Credits : Full transcript is available online

Sunday, September 2, 2012

Farmers' visit at Savera Farms

Earlier this summer, the Krishi Vigyan Kendra (KVK) Kundrakudi center at Sivaganga expressed an interest in visiting Savera Farms. We were delighted when the KVK staff brought along 16 local farmers from the Sivaganga district. Each district in the country has a KVK and they strive to help farmers with exposure visits to farms embracing precision farming, latest agricultural practices etc, training rural youth, facilitating extension programs and knowledge transfer.

With the KVK staff and local farmers
The focus of their visit to Savera Farms was primarily on our Mango UHD and Moringa plantations. Most of the farmers who visited were traditional farmers but showed interest in embracing precision farming and modern methods of cultivation. Some of them were astonished on seeing the close spacing of Mango plots. A lot of questions were asked on the pruning method of mango which indicated they were interested in knowing more about this innovative method of cultivation.

 Farmers inspecting Mango saplings

Phase 1 UHD Mango plots at Savera Farms

Drip system was another area with a lot of queries. The drip design was explained and why we chose to do things the way we did, relative to the tank (minimizing risk in case one of the bores goes dry in future) and four control valves (controlling water in each direction for ease of operation)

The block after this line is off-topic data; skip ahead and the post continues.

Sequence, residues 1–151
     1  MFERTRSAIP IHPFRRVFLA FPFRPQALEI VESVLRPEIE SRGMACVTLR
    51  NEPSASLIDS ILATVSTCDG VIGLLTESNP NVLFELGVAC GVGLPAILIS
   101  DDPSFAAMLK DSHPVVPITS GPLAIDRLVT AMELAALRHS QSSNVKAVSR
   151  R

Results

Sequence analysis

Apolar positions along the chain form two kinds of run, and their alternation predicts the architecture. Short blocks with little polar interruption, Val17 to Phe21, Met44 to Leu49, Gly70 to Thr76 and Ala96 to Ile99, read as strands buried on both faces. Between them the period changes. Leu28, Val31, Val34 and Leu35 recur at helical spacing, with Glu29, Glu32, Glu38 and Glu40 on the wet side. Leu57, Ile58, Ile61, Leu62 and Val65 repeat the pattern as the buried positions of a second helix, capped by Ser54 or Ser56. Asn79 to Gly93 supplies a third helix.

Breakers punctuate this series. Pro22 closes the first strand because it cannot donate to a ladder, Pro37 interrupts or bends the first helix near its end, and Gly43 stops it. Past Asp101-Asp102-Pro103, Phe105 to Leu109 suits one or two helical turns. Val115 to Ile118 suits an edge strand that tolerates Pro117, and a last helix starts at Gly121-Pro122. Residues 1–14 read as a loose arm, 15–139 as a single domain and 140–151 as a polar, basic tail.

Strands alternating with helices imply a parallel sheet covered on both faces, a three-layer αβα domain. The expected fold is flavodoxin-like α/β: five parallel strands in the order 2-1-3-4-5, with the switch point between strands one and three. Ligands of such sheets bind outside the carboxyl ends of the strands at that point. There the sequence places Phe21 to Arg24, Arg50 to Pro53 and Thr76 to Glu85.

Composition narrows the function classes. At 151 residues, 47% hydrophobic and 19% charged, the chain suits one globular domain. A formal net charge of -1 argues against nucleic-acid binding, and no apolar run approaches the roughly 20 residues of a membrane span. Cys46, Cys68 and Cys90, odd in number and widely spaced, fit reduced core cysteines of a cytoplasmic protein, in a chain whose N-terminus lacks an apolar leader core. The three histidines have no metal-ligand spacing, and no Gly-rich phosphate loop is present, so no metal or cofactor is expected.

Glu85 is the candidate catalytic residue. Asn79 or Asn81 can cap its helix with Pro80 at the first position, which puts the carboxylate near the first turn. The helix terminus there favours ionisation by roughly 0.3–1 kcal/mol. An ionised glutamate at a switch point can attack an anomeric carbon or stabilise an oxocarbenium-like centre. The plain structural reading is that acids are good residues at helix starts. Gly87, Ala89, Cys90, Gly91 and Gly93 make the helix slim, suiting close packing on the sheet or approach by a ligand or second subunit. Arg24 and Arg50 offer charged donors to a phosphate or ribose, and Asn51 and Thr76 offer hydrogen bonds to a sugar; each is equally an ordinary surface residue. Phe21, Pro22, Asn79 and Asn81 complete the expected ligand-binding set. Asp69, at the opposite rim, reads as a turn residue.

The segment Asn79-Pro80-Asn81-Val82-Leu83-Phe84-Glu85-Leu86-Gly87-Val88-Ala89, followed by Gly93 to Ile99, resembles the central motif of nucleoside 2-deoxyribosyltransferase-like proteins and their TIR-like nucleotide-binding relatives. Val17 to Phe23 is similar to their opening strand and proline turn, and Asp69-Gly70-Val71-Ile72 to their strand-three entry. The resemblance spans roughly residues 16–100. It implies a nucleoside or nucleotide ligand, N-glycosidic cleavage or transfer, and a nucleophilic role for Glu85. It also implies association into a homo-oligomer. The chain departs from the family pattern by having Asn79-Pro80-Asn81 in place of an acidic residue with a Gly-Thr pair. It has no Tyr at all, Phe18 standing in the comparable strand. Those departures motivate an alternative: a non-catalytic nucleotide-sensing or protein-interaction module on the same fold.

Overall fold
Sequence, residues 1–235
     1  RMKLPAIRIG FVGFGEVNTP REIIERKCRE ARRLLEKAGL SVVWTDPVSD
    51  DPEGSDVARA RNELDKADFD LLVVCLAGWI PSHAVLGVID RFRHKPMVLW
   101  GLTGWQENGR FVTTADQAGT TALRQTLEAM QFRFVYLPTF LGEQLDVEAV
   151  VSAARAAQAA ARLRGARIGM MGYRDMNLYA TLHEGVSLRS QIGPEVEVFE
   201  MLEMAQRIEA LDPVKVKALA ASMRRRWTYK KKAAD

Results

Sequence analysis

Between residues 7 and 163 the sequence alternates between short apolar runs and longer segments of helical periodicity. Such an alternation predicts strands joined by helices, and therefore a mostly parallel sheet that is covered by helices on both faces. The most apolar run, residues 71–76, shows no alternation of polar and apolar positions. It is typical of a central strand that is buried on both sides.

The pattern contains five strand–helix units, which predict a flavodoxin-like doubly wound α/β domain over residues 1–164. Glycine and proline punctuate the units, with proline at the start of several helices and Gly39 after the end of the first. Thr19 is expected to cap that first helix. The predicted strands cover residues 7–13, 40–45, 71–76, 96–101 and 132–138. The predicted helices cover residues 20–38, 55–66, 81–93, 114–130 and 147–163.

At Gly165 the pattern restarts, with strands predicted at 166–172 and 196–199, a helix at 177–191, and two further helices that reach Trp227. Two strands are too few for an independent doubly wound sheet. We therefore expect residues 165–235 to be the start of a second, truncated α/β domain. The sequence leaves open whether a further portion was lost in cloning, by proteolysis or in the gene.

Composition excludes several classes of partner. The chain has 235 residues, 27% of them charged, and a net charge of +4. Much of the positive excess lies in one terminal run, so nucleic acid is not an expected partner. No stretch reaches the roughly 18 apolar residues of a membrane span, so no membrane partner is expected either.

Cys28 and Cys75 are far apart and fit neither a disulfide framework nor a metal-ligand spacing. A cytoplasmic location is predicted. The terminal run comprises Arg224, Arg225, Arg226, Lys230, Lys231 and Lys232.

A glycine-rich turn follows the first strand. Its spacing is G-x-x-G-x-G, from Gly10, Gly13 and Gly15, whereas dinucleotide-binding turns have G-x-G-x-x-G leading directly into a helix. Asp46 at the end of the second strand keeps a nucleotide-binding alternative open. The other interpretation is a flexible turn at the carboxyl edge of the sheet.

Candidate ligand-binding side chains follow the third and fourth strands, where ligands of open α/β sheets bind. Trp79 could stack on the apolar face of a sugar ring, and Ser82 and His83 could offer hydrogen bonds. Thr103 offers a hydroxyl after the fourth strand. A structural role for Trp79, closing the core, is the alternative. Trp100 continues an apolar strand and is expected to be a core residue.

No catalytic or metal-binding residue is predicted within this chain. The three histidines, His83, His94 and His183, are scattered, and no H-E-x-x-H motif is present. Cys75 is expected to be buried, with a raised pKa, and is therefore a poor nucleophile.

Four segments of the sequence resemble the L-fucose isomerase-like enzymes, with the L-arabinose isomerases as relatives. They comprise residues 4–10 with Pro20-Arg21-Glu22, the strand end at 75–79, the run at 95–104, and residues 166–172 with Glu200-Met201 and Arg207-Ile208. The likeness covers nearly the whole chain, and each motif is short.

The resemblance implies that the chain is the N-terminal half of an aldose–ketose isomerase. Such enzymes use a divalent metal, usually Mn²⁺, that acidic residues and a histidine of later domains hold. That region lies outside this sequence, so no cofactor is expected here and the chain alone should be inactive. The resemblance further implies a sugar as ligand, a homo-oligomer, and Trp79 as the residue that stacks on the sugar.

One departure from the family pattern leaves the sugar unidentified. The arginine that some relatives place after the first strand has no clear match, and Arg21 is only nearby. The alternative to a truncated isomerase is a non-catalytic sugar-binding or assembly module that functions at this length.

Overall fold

Discussing drip irrigation techniques

At the drip system, explaining the different filters

Group inspecting Morgina plantation

It was humbling to share our knowledge with these 3rd/4th generation farmers and we really hope this visit can catalyze a change in the way they view and perform agriculture. Sivaganga is not known for flourishing agriculture due to various reasons like climate, lack of agri-promotion, migrant population etc. However, I think the biggest compliment we have come across yet was by the KVK convener, who told the farmers that Savera Farms was an example of 'Israel' right here in Sivaganga. The climate can be merciless, soil is not exactly the most fertile, water availability is about average and yet we were able to transform this landscape (with about 5 palm trees at the time of purchase of land) into a patch of greenery. Come September, we will be able to extend the green-cover into our second phase.

 If any of our readers have encouraged their local community in this manner, please share your experiences and learnings. We would be happy to include your site links in the 'Blog' section on the right.